NASA's Dawn spacecraft, designed and built by Orbital ATK, has returned the sharpest images yet of the surface of dwarf planet Ceres, revealing that the planetary body's bright spot has a similar companion bright area. So far, these unusual areas cannot be explained. Investigators at NASA's Jet Propulsion Laboratory (JPL) have only speculated on the spots' origins, and will wait until the spacecraft is closer to the dwarf planet to make a determination.

The Dawn spacecraft is eight years into a mission that began in an Orbital ATK assembly bay, and is now only 29,000 miles (46,000 kilometers) from achieving orbit with the enigmatic dwarf planet. That rendezvous is scheduled to occur on March 6. The spacecraft's ion engines, which were integrated by Orbital ATK, are helping to enable Dawn's unique mission profile to visit two bodies in the asteroid belt.

Dawn's mission is managed by JPL for NASA's Science Mission Directorate in Washington. Dawn is a project of the directorate's Discovery Program, managed by NASA's Marshall Space Flight Center in Huntsville, Alabama. UCLA is responsible for overall Dawn mission science. Orbital ATK, Inc., in Dulles, Virginia, designed and built the spacecraft. The German Aerospace Center, the Max Planck Institute for Solar System Research, the Italian Space Agency and the Italian National Astrophysical Institute are international partners on the mission team.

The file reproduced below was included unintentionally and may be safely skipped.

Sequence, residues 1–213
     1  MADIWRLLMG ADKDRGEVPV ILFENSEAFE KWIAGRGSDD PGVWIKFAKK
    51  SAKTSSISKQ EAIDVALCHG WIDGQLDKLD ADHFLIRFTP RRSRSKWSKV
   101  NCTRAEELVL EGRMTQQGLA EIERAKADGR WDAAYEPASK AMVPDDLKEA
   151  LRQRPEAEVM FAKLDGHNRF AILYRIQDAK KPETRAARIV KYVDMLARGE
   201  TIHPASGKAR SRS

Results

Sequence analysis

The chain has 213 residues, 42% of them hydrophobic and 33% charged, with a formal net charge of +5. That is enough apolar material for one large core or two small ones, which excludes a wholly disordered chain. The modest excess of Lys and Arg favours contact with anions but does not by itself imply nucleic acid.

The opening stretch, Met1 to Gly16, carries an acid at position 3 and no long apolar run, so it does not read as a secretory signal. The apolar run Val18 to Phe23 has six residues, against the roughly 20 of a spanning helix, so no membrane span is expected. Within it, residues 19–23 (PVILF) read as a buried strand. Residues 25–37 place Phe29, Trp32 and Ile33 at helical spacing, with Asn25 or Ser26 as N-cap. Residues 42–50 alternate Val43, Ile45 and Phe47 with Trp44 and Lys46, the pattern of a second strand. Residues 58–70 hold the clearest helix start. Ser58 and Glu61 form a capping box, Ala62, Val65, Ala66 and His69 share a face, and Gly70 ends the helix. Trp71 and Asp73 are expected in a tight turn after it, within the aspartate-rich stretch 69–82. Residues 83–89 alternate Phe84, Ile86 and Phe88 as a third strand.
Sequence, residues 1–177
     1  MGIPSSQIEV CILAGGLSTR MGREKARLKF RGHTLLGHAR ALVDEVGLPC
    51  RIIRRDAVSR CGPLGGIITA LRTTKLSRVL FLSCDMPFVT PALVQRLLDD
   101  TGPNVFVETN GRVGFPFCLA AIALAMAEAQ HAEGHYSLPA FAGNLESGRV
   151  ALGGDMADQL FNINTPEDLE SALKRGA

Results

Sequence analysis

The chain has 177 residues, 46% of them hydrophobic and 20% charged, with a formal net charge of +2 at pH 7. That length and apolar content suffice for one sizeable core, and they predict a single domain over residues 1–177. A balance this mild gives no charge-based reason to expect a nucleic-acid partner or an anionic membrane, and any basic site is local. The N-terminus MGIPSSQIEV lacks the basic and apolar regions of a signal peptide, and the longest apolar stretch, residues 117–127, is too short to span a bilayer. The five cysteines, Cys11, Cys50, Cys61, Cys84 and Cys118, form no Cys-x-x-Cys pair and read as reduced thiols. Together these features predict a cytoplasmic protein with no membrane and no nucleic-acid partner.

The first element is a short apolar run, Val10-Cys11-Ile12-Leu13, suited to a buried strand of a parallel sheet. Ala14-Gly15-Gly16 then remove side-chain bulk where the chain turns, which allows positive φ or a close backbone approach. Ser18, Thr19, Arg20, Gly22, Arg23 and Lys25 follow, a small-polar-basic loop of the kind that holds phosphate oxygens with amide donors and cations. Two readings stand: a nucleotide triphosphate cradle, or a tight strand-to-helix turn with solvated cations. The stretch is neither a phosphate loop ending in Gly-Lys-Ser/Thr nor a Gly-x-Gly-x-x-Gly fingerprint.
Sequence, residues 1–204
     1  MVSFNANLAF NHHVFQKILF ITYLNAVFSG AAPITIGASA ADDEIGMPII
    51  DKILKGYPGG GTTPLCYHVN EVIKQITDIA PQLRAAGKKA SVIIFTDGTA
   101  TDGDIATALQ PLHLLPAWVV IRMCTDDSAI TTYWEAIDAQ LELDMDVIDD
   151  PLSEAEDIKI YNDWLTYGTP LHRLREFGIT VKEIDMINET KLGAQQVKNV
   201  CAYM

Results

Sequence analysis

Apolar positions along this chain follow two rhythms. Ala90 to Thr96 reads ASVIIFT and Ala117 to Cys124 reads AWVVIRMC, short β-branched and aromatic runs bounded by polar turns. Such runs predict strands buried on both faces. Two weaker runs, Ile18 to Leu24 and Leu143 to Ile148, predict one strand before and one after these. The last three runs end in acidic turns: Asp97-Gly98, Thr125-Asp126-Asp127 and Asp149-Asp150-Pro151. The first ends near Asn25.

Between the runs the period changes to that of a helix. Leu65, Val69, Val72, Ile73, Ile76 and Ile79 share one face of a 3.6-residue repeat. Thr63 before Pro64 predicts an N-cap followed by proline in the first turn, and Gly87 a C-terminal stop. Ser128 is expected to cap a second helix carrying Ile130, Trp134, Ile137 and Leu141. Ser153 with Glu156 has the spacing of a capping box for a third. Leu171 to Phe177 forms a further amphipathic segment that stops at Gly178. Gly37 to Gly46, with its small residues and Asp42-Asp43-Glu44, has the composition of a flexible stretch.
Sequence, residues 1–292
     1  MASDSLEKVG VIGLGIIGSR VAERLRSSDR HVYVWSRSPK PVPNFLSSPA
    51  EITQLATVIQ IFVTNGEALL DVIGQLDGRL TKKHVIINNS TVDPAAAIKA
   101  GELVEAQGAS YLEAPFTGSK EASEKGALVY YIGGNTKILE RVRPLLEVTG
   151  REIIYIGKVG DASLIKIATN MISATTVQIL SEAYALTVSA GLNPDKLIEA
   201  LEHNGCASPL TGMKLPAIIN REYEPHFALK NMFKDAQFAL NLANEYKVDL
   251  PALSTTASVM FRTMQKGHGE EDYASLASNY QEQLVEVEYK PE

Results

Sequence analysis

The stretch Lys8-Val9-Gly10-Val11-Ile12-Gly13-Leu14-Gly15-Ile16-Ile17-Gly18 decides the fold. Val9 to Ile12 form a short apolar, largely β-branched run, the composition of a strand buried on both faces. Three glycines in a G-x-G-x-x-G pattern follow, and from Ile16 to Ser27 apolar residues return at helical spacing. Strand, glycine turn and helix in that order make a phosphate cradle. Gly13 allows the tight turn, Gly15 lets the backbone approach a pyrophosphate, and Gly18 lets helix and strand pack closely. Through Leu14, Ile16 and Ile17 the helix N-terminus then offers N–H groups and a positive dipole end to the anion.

Taken by NASA's Dawn spacecraft on Feb. 19, 2015, these images capture the planetary body Ceres from a distance of about 29,000 miles (46,000 kilometers) Image Credit:  NASA/JPL-Caltech/UCLA/MPS/DLR/IDA